About 10 years ago, online defamation was one of the most hotly debated topics within the field of conflict of laws and the Internet. While the interest in the topic has subsided somewhat, online defamation remains a perfect lens through which to view the complications that arise due to the combination of (virtually) global information distribution and our location-focused legal standards. Indeed, few other topics so clearly highlight clashes between the societal core values (such as varying approaches to freedom of speech) arising in the Internet arena. Furthermore, with several interesting recent developments, such as the US Securing the Protection of our Enduring and Established Constitutional Heritage (SPEECH) Act, recent ECJ decisions and new legislation in several countries, including the Philippines and the People's Republic of China, there are strong reasons to believe that online defamation will return to the frontline of the international debate about how we may best cope with cross-border disputes on the Internet.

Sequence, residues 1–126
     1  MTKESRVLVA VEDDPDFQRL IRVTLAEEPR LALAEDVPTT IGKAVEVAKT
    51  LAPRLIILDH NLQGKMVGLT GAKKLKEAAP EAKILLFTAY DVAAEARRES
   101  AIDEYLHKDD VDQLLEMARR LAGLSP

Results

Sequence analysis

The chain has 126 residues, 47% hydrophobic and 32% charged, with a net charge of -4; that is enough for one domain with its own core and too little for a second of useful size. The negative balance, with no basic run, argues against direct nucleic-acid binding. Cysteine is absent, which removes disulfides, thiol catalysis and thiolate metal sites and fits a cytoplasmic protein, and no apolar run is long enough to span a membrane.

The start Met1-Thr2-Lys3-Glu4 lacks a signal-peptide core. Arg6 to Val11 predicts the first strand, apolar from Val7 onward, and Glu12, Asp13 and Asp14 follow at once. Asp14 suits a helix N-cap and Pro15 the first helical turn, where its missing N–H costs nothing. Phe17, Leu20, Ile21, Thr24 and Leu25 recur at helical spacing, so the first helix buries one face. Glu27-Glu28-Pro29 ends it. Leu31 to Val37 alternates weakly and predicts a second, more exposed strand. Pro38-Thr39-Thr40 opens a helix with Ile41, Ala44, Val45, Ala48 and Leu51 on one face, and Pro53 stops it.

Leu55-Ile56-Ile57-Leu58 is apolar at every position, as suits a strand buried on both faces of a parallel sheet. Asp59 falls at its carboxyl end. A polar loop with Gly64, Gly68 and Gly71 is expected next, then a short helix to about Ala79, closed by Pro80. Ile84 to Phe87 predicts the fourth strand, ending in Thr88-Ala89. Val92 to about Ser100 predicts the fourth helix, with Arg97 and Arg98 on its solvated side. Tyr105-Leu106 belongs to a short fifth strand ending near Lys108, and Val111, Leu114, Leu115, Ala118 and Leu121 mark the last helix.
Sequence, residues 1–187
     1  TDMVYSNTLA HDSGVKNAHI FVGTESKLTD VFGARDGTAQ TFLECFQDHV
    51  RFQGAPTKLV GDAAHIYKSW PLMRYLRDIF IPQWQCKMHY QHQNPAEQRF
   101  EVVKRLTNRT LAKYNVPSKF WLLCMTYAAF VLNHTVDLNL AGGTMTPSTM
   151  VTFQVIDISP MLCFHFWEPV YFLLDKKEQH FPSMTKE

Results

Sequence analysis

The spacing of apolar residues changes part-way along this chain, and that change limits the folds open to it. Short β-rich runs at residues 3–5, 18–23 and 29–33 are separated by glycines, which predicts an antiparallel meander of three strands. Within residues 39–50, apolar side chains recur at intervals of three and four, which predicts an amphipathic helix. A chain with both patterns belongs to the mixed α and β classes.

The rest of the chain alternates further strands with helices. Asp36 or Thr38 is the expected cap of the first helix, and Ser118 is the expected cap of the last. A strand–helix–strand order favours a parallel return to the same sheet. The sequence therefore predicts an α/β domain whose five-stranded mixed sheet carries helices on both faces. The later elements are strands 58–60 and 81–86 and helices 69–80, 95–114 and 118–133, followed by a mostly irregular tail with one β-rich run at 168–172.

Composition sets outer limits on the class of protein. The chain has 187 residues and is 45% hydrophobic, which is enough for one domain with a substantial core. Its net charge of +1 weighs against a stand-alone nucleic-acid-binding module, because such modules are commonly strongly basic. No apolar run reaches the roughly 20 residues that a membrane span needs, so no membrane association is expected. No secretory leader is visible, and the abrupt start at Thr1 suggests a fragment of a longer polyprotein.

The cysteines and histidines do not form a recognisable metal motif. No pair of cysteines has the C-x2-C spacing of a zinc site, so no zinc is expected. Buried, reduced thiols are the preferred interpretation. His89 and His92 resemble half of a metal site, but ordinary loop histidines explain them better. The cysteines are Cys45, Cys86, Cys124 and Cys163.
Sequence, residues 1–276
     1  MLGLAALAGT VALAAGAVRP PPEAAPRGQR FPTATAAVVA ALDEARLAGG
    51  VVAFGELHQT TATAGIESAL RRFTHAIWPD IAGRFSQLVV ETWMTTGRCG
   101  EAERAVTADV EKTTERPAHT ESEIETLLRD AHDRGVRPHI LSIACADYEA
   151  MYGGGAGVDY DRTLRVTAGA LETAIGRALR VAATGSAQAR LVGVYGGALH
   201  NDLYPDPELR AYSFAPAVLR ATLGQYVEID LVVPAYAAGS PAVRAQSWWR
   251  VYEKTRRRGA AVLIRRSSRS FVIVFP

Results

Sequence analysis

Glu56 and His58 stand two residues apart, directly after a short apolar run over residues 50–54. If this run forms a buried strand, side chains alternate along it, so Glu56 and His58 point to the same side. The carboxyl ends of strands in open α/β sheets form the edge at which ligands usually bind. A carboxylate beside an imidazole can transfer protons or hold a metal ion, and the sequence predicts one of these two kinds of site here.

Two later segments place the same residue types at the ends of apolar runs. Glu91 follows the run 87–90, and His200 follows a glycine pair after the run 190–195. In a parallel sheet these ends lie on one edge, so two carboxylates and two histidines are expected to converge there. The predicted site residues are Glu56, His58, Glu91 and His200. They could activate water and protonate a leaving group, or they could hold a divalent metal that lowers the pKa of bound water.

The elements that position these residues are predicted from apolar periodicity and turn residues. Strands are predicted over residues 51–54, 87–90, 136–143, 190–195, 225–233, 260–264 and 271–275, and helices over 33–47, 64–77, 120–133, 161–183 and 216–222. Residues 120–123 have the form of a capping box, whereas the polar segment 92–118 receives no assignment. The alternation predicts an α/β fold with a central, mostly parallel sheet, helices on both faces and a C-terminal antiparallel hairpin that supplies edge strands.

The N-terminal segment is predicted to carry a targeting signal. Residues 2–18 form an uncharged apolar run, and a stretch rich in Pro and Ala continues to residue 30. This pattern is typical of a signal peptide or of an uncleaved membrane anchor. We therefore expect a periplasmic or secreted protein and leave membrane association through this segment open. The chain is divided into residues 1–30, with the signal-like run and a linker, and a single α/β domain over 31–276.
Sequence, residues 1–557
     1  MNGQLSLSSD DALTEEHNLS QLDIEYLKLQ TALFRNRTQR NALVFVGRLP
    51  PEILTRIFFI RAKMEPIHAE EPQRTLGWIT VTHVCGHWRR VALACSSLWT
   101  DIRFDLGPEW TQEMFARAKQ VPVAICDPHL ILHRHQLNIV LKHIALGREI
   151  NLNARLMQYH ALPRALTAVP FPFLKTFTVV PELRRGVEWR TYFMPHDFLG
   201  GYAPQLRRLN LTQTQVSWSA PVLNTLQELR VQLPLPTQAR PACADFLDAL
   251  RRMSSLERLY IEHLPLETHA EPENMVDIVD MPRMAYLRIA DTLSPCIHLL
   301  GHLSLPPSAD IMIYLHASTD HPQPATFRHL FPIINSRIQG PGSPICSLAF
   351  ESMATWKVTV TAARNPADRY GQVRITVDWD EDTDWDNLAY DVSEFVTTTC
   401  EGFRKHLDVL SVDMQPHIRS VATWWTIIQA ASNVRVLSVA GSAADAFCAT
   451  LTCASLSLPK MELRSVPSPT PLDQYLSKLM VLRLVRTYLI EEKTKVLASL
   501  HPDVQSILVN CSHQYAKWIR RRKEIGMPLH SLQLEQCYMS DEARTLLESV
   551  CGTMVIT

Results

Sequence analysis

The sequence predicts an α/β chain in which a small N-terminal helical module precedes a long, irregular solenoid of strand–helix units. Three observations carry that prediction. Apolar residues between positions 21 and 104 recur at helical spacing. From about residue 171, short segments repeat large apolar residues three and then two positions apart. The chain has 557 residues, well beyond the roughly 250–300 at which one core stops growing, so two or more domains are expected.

|Title of host publication||Internationalisation of Law in the Digital Information Society|
|Subtitle of host publication||Nordic yearbook of Law and Informatics 2010-2012|
|Editors||Dan J B Svantesson, Stanley Greenstain|
|Place of Publication||Copenhagen|
|Publisher||Ex Tuto Publishing|
|Number of pages||21|
|Publication status||Published - 2013|